Every three to four months or thereabouts, a social movement takes off on Facebook or Twitter and pundits and social scientists begin another round of questioning about what digital activism accomplishes at the end of the day.

The #BringBackOurGirls campaign to encourage action on the kidnapping of 276 school girls by Boko Haram terrorists in north-east Nigeria has been particularly successful in attracting global attention. And one can argue that the decison by the U.S. in May to send military and law enforcement personnel to help in the search is evidence that such social activism works.

This time I haven’t seen too many of the usual inquisitions examining the value of the #BringBackOurGirls campaign except the usual rightist servants of orthodoxy (and much else that is not good) like#WillCain who called the campaign ‘cheap”. On the contrary, the Will Cain reference was in piece published by Laura Olin in Time called #BringBackOurGirls: Hashtag Activism is Cheap—And That’s a Good Thing. She contends that something apparently so trivial as a hashtag could in fact be “a little bit world-changing”.

Likely not so concludes a study released in February — The Structure of Online Activism by social scientists Kevin Lewis, Kurt Gray, Jens Meierhenrich. This may be unfair over-statement, but what they did conclude is that:

In other words, rather than upholding social media as the gateways to civic engagement, our findings support the notion that “the fast growing support and diffusion of protest enabled by the Internet is followed by an even faster decline in commitment” (VanLaer 20120:348). Facebook, in the case under investigation, proved a “weak tie” instrument par excellence (Granovetter 193; Kavanaugh et al. 2005)

The ‘case’ the authors looked at in detail was a Facebook campaign focused on Save Darfur on the social mobilisation site Causes — “At its height, the Save Darfur Cause was one of the largest Causes on Facebook, with more than 1 million members who had collectively donated more than $100,000.”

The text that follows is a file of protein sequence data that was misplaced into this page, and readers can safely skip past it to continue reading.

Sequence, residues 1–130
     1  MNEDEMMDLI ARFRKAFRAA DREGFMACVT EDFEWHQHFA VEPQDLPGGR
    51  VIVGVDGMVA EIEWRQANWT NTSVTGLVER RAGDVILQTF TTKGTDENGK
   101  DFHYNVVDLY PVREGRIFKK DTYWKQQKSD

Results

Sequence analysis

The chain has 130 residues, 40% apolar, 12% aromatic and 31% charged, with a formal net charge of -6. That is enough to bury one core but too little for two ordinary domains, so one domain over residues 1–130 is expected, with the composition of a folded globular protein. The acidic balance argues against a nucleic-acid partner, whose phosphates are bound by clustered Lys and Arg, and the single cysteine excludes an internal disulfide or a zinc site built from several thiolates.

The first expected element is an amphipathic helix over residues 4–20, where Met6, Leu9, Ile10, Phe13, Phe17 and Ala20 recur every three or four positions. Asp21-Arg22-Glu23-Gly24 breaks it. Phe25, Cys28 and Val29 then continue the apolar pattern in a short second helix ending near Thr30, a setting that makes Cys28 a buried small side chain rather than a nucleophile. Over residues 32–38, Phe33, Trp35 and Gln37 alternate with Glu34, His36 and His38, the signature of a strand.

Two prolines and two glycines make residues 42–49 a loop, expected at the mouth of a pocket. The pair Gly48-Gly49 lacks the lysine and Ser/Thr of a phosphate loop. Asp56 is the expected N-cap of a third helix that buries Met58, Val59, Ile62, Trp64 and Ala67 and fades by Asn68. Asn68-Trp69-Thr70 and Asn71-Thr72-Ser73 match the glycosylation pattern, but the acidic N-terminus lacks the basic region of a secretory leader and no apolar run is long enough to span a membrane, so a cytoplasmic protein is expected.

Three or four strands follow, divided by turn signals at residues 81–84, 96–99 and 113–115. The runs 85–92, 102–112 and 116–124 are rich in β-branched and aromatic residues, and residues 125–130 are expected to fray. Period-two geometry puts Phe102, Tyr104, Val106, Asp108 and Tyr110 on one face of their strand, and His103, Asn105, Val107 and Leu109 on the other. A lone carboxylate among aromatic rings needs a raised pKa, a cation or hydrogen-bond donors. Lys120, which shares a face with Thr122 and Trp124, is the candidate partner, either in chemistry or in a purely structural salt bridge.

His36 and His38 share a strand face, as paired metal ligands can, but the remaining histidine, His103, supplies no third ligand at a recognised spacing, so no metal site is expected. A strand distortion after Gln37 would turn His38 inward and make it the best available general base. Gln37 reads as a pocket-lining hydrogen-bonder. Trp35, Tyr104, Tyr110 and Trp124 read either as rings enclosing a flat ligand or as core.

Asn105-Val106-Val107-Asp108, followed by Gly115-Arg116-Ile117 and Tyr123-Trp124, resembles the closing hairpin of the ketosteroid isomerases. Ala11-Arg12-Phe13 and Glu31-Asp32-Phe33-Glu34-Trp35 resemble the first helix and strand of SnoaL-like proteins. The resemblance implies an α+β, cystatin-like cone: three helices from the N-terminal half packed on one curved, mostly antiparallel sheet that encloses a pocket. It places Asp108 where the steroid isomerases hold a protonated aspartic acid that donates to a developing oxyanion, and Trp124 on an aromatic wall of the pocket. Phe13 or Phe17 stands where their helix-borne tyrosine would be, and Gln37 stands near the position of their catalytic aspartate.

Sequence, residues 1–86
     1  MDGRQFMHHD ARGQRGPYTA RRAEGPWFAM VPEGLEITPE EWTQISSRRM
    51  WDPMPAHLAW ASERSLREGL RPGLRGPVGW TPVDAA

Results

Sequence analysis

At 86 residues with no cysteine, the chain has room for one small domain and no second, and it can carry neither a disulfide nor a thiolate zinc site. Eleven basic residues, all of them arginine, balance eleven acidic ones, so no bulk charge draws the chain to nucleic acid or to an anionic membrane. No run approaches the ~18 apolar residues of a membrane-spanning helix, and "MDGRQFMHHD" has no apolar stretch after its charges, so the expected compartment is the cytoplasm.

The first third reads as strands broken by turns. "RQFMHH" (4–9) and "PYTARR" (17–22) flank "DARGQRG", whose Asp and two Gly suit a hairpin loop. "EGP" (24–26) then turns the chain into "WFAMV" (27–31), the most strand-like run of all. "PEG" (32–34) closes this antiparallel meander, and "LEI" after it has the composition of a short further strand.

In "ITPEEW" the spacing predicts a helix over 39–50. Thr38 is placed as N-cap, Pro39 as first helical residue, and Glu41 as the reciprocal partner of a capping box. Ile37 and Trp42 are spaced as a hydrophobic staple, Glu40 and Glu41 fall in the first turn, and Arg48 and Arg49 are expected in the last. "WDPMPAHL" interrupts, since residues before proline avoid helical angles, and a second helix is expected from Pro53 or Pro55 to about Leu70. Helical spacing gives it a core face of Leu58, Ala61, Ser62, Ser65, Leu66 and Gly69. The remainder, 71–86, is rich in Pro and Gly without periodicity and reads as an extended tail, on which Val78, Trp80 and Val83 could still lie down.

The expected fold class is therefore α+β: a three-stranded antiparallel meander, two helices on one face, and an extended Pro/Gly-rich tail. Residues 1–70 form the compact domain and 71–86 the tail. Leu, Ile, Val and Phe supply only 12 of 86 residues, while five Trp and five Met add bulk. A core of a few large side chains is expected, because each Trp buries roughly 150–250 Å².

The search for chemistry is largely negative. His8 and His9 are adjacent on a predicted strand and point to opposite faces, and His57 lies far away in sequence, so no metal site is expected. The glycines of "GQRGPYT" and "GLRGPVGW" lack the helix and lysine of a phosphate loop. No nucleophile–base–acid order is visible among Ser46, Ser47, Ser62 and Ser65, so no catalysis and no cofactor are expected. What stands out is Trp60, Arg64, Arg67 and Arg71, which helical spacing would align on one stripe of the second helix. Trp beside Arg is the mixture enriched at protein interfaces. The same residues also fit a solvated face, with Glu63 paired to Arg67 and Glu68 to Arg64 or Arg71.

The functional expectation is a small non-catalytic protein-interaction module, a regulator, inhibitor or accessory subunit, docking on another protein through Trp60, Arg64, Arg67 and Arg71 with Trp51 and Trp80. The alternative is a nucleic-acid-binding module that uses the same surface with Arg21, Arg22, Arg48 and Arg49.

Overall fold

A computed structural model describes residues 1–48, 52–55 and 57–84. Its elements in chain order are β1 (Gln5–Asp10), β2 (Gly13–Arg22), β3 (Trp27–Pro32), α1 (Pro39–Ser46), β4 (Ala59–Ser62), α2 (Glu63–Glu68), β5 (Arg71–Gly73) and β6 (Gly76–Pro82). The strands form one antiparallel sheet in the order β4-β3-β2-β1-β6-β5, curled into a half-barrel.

However, the authors observed that only a tiny percentage of those who joined the Facebook page over the 989 day study period donated or become active in the cause in any way, and that if someone was recruited to join rather than joined of their own accord they “were the least active of all.” There was also a steady decline in commitment and donations as time passed.
In my untrained assessment, it looks like they probably got the data right. And their conclusion seems reasonable in light of the facts. But there are a few contextual points I wished they had considered:

  1. The decline in commitment the authors saw over the 989 days corresponded with significant progress being made on resolving the Darfur question. The first round of the Doha peace forum talks began in December 2010. The question has to be raised: Could exogenous factors like actual progress influence recruitment, activism and donations to the cause?
  2. To what were people donating? One of the features of successful activism online or off is being able to connect people’s commitment to a clear and direct consequence of their pledge. People want to know that by ‘liking’ or donating they are making a difference, that change will happen as a result of their actions. Would that the authors had assessed the effect on behaviour of donating to a cause that could only be resolved by cohesive and concerted global intervention?

I am no social scientist, but wouldn’t consideration of these socio-political factors help us better understand how recruitment, commitment and action actually happen in digital activism?
Timing of the #BringBackOurGirls campaign—immediate and with the likelihood of probable action by some government actor — unquestionably encouraged, supported and rewarded participation.

Authored by: Boyd Neil